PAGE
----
Indonesian Textile Arts
The People of the Interior
For the Dayak peoples of Kalimantan, swidden farming in the deep forest has given way to rubber tapping amongst secondary woodlands. Cultural developments have mirrored environmental changes, and the textile arts of the Dayak Desa have changed accordingly, with recent renewed interest marking a renewed pride in Dayak identity.
The traditional villages and swidden fields of the Dayak people line the riverbanks of Borneo’s remote interior. The name Dayak means ’’people of the interior,’’ and refers to some two hundred ethnic subgroups spread across the world’s third largest island. The Dayak make up about a third of Borneo’s total population, and are especially numerous in Kalimantan, the Indonesian part of the island. Dayak languages belong to the Austronesian family.
After their arrival, possibly from Taiwan, about 5,000 years ago, the Dayak slowly penetrated to the heart of the island, building long, open-plan houses that sheltered generations of growing extended families. Today, Most Dayak have left their longhouses for single-family homes. Those families who choose to stay maintain their own section of the longhouse. The dry smoke of their kitchen fires blackens the timbers, keeping malaria mosquitoes at bay.
A longhouse in Ensaid Panjang, Sintang
The Dayak ’’slash and burn’’ swaths of trees to enrich the poor forest soils. When a field loses its fertility, the farmers burn a new area, and allow the spent one to regenerate. Traditionally, a field might be farmed only once in thirty years. Today, encroachment by timber companies has reduced communal landholdings, and many fields are cultivated every five years. Yields have fallen, and eroded soil silts up local rivers.
A burnt swidden field
Dayak livelihoods depend on the forest. Sago palm and wild game anchor the Dayak diet. The Dayak collect and trade a valuable scented resin called gaharu from the heartwood of certain rare trees. Some local economies rely heavily on rattan. In one small area of eastern Kalimantan, some 30,000 people make their living harvesting and processing rattan canes. In the west, unsustainable harvesting has erased rattan from the forest.
Rattan weaving still flourishes where the supply is not yet exhausted. Rattan baskets carry seed rice to the fields, haul firewood or game home from the forest, and trap fish in the rivers. Rattan mats insulate longhouse floors and walls, and their intricate motifs protect the home and illustrate clan myths. Few weavers have the skill to create apai, the intricately patterned floor mats laid out to receive honored guests.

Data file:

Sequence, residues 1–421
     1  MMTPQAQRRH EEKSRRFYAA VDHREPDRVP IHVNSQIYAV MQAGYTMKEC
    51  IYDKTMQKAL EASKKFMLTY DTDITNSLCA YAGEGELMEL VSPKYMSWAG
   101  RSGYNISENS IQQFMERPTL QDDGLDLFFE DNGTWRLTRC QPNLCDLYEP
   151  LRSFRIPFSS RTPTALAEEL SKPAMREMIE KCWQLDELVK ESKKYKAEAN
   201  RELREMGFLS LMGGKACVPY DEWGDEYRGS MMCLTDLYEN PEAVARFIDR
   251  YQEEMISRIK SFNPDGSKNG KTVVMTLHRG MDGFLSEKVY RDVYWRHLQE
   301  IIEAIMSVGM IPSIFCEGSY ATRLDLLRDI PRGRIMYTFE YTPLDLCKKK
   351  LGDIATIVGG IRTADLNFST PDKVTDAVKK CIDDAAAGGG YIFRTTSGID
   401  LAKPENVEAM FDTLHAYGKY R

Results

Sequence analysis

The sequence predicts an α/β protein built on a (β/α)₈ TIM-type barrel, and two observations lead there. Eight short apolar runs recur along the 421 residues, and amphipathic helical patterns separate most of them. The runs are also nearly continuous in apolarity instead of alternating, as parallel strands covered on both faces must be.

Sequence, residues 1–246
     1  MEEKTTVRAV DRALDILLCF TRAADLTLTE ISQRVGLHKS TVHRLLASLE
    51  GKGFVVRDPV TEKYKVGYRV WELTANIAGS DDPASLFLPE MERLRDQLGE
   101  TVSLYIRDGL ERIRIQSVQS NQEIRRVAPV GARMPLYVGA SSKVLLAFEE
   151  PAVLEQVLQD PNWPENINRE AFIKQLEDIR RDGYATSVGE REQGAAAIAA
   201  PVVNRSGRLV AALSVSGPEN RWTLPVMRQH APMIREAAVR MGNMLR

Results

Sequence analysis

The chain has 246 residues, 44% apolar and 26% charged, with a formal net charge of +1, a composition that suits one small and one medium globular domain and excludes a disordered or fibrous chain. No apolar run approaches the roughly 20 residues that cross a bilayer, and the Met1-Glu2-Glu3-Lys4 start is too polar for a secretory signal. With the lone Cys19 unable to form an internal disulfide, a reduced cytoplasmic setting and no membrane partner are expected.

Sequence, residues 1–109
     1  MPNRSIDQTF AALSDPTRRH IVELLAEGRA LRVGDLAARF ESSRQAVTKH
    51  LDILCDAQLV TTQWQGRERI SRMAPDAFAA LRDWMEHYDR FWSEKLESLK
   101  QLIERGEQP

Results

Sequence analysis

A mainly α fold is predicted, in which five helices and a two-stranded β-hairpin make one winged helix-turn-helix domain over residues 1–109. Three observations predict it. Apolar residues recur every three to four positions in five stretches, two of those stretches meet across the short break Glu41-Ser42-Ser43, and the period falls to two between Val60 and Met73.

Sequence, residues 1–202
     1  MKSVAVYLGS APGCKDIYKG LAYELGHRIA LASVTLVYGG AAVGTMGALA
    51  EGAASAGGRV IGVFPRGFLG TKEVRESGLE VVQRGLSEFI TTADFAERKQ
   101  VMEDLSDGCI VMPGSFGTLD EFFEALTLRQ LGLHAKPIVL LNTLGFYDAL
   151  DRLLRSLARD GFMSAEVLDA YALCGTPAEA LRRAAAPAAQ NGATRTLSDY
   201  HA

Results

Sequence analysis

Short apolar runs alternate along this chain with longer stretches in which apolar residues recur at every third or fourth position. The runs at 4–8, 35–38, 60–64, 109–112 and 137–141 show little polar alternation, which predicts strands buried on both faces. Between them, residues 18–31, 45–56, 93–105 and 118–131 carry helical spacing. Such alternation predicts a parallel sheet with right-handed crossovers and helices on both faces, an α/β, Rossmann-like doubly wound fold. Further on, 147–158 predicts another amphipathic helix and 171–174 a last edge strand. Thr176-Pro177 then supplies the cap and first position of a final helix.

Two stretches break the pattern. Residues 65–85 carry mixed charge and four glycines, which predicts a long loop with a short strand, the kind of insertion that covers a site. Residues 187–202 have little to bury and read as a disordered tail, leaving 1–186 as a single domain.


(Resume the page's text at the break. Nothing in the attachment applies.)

Weaving an apai, West Kalimantan
Men can raise their status by clearing land or--in the past--capturing heads. Women earn the respect of the community with each ceremonial textile they produce. To the Dayak, creating a sacred motif on a basket or cloth is a spiritually dangerous act, requiring great strength. Weaving a ceremonial textile demands the same bravery as going into battle; missteps can cause great harm, even death.
Empuni performs a dye ceremony, Umin
’’When working on an animal [motif], you cannot stop or its spirit will attack you,’’ said master weaver Veronica Kanyan. ’’If we invoke [the god] Pulang Gana, there will be no problems. If we call Him, He will ask, ’Why was I called here?’ Then He’ll see the cloth and think, ’Oh! There’s a ceremony here.’ If we call Him for no reason, there will be consequences. We will get sick.’’
The spirits of the ancestors pass new patterns to weavers through dreams. These dream patterns, woven in cotton or rattan, possess spiritual power. Some, like the image of the honey tree, bring help and good fortune. Others grant success in war or protection from evil. The Dayak universe is guided by imperceptible forces, which can sometimes be influenced through the power of shape and color, and appeased with ritual and sacrifice.
Traditional dress, Umin
The ritual importance of Dayak textiles developed in tandem with Kalimantan’s headhunting tradition. For countless generations, textiles with powerful protective motifs harnessed the hostile energy of enemy heads, which were believed to make fields fertile. Headhunting largely ceased in the 1920s, when colonial governments began to effectively suppress inter-group conflicts. Since then, the use of ritual textiles has shifted to agricultural ceremonies, such as the gawai harvest festival.
A tating ceremonial skirt
Improved transportation, forest destruction, and external influences have pushed the Dayak into a larger world, and many cultures are under threat. In recent years, however, resurgent interest in Dayak textile arts has fueled local revivals. More than six hundred women in sixteen villages now belong to Jasa Menenun Mandiri, a prosperous weavers’ cooperative in West Kalimantan. Threads of Life works with JMM to revive natural dye processes and traditional wisdom.
Mundungson and Patricia Sibah pounding materials for dyeing, Umin